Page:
The Grand Final of A Dal 2017 is taking place tomorrow, where eight acts are competing to be Hungary’s next entry in the Eurovision Song Contest. Ahead of the final, we spoke to one of the four jurors – Caramel, who’s job is going to be to select the top four acts to proceed to the Superfinal.
Caramel spoke to us about his role in the jury, the key-things he looks into before giving his scores, what he learnt as a juror in this show, and how important is the feedback of the audience. Check out all of that in this interview:
Caramel, first of all, how is it being a juror in A Dal for the very first time, and to give comments to so many acts and artists in this show?
It is kinda fearful, but I’m honored to do it and to be a part of the jury. It is a tough job to turn our feelings into points, and because of this I think a lot about how many points to give, or who did I give how many points already. I try and keep track of all the points I gave already, it’s not simple, but we’re trying to do our best. I try not to hurt anyone with my comments and critics, and I hope it also came across like that.
There is a big variety of music styles in this show. How did you decide which songs should make it?
There are songs in this show which don’t fit in with today’s general pop music scene, but I think these songs should be appreciated and valued as well, and we need to show that this kind of music exists in the Hungarian music scene, and this is also quality music. I know that many of these songs aren’t maybe entertaining for the majority of people when they hear them for the first time, so we all just need to realize that this kind of music can also be entertaining, only in a different way. And we want to show that the Hungarian music scene really has a vast variety of genres.
What is the main thing you look into when deciding how you will score a song?
There are quite a few things I look into, but the most important one is the song itself. Of course, you can’t separate the song from the artist singing it, so sometimes we were scoring the artist and the performance a bit more in the previous shows, but now that it’s the final, we need to evaluate the song itself, which is also the name of the show. It’s not easy to separate the song from the artist, the visuals, the performance, as all of this goes together and has effect on all of us. Once all of this works perfectly together that’s when we know that it is what we are looking for. But the song itself, its lyrics, arrangements, are the essentials of course.
You already took part in A Dal before as a contestant, and now you are back as a jury member. Which ‘role’ was easier and more natural for you?
It was a lot easier when I was a contestant and when I was standing on that stage. Being on stage feels very natural to me. I’m a singer-songwriter, and I’m always happiest when I’m on stage. However, everything I’ve done so far successfully is probably the reason why I can sit in the jury of this show today, but yes – it’s a lot more difficult being a juror, because you need to pay attention to so many things. I don’t want to hurt anyone’s feelings, and I really pay attention not to do that with any of the contestants. From an artist and a composer’s point of view this is very useful for me to be here now, as I can now see the reflection in the mirror, and I feel that I have already learnt a lot. All of the acts bring a different thing to the table, and for example, even though I write my own songs and my own lyrics, the song that The Couple had in this competition has such beautiful lyrics and it has such a strong effect on me, that I would personally like to work with the lyrics-writer.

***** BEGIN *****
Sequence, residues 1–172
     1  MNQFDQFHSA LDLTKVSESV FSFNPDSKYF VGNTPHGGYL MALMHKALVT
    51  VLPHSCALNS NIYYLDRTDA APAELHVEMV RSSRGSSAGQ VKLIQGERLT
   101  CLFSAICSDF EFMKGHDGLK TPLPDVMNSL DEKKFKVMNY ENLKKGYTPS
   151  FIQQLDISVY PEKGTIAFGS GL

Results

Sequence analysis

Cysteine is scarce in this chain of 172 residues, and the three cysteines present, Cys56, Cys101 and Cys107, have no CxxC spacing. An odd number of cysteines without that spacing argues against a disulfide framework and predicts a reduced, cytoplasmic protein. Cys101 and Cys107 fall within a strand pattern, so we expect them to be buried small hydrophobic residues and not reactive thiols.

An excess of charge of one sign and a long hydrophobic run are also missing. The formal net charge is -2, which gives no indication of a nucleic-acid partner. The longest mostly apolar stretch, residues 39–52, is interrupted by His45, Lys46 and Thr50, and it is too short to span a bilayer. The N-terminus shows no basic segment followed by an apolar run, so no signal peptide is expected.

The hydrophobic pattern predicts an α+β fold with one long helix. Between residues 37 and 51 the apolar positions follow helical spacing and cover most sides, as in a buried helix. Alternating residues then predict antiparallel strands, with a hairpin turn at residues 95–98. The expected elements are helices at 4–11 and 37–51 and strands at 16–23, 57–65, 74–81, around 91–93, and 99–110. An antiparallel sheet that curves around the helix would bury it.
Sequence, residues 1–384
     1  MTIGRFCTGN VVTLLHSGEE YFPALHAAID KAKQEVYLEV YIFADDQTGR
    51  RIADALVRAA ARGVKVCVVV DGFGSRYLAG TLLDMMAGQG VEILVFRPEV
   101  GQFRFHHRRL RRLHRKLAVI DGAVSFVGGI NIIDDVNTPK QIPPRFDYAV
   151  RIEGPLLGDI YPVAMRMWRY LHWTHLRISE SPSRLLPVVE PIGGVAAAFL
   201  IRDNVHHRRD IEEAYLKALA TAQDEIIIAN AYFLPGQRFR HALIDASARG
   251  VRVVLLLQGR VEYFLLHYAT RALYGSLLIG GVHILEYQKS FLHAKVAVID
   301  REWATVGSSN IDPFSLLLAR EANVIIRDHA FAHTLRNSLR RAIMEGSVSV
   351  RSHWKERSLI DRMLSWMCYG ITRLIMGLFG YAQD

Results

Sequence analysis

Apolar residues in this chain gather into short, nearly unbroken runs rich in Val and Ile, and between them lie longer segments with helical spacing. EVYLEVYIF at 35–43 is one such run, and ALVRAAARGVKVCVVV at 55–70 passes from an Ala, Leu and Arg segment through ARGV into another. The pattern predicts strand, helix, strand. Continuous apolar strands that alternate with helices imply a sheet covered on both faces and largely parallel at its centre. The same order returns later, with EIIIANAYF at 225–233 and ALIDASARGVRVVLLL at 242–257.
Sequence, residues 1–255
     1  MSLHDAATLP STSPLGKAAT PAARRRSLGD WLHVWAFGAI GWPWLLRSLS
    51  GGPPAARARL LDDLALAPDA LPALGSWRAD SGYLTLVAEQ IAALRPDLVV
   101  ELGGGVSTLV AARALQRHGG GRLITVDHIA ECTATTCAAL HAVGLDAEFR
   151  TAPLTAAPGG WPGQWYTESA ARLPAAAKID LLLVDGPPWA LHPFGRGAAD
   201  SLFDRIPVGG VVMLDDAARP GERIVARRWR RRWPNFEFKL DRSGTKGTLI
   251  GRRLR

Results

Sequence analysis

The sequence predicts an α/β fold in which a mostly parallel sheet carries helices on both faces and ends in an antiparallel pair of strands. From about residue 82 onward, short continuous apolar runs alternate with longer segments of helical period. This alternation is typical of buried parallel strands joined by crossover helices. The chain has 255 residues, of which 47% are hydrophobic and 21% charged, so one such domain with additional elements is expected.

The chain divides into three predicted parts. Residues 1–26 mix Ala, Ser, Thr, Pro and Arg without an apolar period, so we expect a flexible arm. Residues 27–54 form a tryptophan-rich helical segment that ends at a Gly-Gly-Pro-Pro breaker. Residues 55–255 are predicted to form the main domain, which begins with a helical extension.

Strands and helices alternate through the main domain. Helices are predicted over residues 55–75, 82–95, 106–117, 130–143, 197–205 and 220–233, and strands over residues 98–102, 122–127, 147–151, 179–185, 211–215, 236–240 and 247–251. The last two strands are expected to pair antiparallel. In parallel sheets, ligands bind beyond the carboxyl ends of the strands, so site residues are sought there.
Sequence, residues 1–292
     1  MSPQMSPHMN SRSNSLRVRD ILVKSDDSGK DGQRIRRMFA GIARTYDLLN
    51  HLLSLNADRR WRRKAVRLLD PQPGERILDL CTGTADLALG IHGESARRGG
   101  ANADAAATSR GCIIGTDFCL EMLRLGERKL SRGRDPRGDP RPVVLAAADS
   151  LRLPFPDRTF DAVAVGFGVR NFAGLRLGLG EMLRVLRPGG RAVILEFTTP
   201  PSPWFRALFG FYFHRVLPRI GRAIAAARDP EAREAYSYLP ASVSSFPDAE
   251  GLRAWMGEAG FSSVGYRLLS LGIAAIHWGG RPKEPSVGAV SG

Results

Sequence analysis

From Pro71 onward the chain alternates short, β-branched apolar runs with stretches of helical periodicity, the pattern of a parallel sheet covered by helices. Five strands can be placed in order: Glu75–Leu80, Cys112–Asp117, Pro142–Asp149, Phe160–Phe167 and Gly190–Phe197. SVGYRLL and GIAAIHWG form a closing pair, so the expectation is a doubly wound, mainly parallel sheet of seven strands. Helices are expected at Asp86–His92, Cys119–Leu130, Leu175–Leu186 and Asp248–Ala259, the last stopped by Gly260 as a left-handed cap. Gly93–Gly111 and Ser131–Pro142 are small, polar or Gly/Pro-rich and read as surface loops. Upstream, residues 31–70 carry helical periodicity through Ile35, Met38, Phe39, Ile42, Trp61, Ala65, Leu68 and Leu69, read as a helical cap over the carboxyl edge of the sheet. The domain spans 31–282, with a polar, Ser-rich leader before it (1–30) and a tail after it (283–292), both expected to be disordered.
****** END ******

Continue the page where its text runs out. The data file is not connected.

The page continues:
One of the finalists qualified twice thanks to the televoting during this show. Are you going to take this audience support into account when deciding on your top four in the Final?
This is not the most dominant part of my judging, but it is very important when the audience understands a song. There are songs in this competition which are not ‘understandable’ at first, and part of our job is to point out to these songs as well, if they are good, of course. But the feedback from the public means a lot, of course, and the public can also not just show us the way to go, but to say it this way – the public is never stupid. If the public really likes something, then we need to think about it, and if for example I don’t like it personally, I do need to take the public into consideration, and sometimes we all need to become the public and then understand why the song is liked by so many people. In the case of Soulwave, I understood why the public loves their song – it’s very clear, close to the people, it’s a nobly simple song with great lyrics. The lyrics have such good sense that make the whole thing fun, and even though musically it’s not the most electronic thing or the most trendy thing, but this exists and it is very popular. The guys also performed well, they improved a lot during the show, they were very energetic and relaxed, and they looked really good on stage. These feedback from the public actually make an artist even stronger.
What do you expect in the Final?
Well, the artists keep changing things in their songs and performances from one week to another, and make the show a lot more exciting, so it’s always completely unpredictable. For example, Joci played a ‘tertia’ with his violinist which made the whole act sound different and a lot more exciting, as in the heats in this small part it was just another vocal from the background. There were other acts, like Gigi Radics who told us during the show that they will do some changes for the final, and I’m really looking forward to seeing and hearing all of them. I really think that there will be many surprises for us all again.
Thank you very much for your time, Caramel!
Eight acts are competing in tomorrow’s Final of A Dal. Which of these eight is your personal favorite? Let us know by voting in our poll here: